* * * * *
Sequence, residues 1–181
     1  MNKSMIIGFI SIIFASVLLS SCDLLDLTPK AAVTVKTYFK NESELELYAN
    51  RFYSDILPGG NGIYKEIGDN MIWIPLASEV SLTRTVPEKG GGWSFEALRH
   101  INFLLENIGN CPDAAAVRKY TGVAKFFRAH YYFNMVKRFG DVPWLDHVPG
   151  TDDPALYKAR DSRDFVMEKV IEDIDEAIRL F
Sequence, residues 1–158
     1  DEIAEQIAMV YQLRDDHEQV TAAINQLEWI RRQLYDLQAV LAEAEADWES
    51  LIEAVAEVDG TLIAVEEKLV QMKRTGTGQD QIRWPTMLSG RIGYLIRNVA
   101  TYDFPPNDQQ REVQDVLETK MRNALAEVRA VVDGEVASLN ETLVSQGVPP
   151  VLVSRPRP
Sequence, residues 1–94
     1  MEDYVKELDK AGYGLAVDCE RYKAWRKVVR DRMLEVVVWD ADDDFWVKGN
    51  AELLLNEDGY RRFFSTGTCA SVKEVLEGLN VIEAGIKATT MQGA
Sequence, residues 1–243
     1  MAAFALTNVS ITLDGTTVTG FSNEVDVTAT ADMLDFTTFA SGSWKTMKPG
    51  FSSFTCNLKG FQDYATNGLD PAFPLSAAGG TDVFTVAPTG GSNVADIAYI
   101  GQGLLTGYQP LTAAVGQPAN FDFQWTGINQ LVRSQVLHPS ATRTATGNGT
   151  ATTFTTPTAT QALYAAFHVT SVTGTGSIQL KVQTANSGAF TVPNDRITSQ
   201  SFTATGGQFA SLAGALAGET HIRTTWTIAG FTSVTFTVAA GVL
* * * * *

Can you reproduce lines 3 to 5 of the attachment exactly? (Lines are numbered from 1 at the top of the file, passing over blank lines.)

    51  RFYSDILPGG NGIYKEIGDN MIWIPLASEV SLTRTVPEKG GGWSFEALRH
   101  INFLLENIGN CPDAAAVRKY TGVAKFFRAH YYFNMVKRFG DVPWLDHVPG
   151  TDDPALYKAR DSRDFVMEKV IEDIDEAIRL F